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Decision of the European Ombudsman closing his inquiry into complaint 1566/2007/DK against the European Personnel Selection Office
Case 1566/2007/DK - Opened on Tuesday | 21 August 2007 - Decision on Tuesday | 09 June 2009
The complainant, a Romanian citizen, wished to participate in Open Competition EPSO/AD/47/06 to recruit administrators with Romanian citizenship. On 25 October 2006, he presented himself to sit the pre-selection tests in the designated test centre in Bucharest. However, as his name did not appear correctly on the computer screen, following the instructions provided, he clicked the 'NO' button, which then terminated his participation in the competition.
In his complaint, he alleged that EPSO did not reply to his complaint of 25 October 2006 regarding the above matter, and claimed that he should be allowed to sit the pre-selection tests again.
The Ombudsman made a preliminary finding that EPSO failed to reply properly to the complainant's complaint of 25 October 2006, and also failed to allow the complainant to resit the tests. He therefore made a proposal for a friendly solution, according to which EPSO should provide the complainant with a substantive reply to his complaint of 25 October 2006 and invite him to sit the pre-selection tests again.
EPSO accepted this proposal, provided a detailed reply to the complaint of 25 October 2006, and contacted the complainant to arrange a suitable test appointment so that he could resit the pre-selection tests. However, the complainant was not satisfied with the friendly solution proposal. The Ombudsman therefore concluded that it was not possible to bring about a friendly solution.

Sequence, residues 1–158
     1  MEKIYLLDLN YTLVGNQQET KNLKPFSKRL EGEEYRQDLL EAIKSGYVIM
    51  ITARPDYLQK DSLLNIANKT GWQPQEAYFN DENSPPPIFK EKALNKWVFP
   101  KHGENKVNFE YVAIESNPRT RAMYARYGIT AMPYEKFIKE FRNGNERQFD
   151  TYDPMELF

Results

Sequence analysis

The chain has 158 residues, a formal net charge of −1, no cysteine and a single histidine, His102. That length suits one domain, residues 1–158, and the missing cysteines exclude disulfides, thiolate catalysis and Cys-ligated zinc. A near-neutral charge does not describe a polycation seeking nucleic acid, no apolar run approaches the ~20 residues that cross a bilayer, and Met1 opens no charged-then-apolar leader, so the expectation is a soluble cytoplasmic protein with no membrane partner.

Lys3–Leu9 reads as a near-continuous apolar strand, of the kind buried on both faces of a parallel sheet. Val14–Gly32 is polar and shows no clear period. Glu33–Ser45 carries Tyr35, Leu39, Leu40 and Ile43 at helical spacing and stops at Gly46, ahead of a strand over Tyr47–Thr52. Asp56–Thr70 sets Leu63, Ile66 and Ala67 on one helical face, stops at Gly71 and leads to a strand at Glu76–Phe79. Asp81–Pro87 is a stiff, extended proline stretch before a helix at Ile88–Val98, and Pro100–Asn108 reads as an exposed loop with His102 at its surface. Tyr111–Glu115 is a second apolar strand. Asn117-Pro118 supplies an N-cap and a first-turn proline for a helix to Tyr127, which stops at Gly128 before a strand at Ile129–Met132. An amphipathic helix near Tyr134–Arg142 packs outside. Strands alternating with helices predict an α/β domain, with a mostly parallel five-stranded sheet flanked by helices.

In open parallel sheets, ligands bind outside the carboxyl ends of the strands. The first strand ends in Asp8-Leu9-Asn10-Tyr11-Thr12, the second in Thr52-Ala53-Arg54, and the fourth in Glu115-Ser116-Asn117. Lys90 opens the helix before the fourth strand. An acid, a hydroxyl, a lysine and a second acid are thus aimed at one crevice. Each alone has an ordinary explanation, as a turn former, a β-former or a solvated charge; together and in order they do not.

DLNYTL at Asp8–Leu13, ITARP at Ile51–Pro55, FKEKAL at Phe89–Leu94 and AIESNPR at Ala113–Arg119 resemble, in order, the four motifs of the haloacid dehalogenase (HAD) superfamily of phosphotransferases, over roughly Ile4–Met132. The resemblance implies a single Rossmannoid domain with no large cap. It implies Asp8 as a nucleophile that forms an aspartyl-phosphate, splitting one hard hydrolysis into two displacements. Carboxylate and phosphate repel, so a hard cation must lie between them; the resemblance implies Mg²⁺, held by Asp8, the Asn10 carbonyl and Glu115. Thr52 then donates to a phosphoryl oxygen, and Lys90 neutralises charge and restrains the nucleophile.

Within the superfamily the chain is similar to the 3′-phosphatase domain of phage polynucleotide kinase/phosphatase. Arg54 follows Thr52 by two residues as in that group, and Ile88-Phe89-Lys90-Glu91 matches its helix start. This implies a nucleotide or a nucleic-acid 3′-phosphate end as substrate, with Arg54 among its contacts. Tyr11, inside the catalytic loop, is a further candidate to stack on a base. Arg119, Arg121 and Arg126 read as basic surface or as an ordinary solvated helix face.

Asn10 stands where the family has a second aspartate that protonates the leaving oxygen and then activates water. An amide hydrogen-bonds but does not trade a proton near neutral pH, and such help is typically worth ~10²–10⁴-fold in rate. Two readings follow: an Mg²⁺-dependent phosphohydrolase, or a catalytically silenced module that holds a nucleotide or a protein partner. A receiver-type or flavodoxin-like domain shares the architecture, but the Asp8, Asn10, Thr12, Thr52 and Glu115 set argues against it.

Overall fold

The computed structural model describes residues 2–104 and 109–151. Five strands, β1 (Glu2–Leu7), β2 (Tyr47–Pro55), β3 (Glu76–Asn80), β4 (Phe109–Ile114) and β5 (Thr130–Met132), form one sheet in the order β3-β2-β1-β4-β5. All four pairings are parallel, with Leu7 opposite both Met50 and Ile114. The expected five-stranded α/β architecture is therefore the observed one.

The Ombudsman welcomed EPSO's acceptance of his friendly solution proposal and found that there was no longer any instance of maladministration by EPSO. He therefore closed the case.
THE BACKGROUND TO THE COMPLAINT
1. The complainant participated in Open Competition EPSO/AD/47/06 for Administrators (AD5) with Romanian citizenship, organised by the European Personnel Selection Office (EPSO) in2006. The private company Thomson Prometric ('the contractor') was responsible for organising the computer based admission tests (CBT).
2. On 25 October 2006, the complainant presented himself at a test centre, with a view to sitting the admission tests. As his name did not appear correctly on the computer screen, the complainant, in accordance with the instructions given, clicked on the 'NO' button and subsequently on the 'END' button. This meant that he was not able to carry out the tests. An invigilator subsequently told him that the incident would be reported to the contractor, which would contact him regarding the matter. On the same day, the complainant sent an e-mail to EPSO, in which he both explained and complained about the above incident.
3. On 31 October 2006, the contractor contacted the complainant by telephone informing him that he could sit the tests on 2November2006 and that he would receive an e-mail confirming the time and place when they would be held. On 1November 2006, the complainant informed EPSO about this and complained that he had not received a confirmatory e-mail in this regard. As a result, he did not know where and when the tests would take place the following day.
4. The complainant did not resit the tests on 2 November 2006. Nevertheless, on 14 December 2006, EPSO informed him that he had failed the test of 25October 2006. On 4 June 2007, he complained to the Ombudsman.
THE SUBJECT MATTER OF THE INQUIRY
5. On 21 August 2007, the Ombudsman opened an inquiry into the following allegation and claim:
EPSO failed to reply to his complaint of 25 October 2006.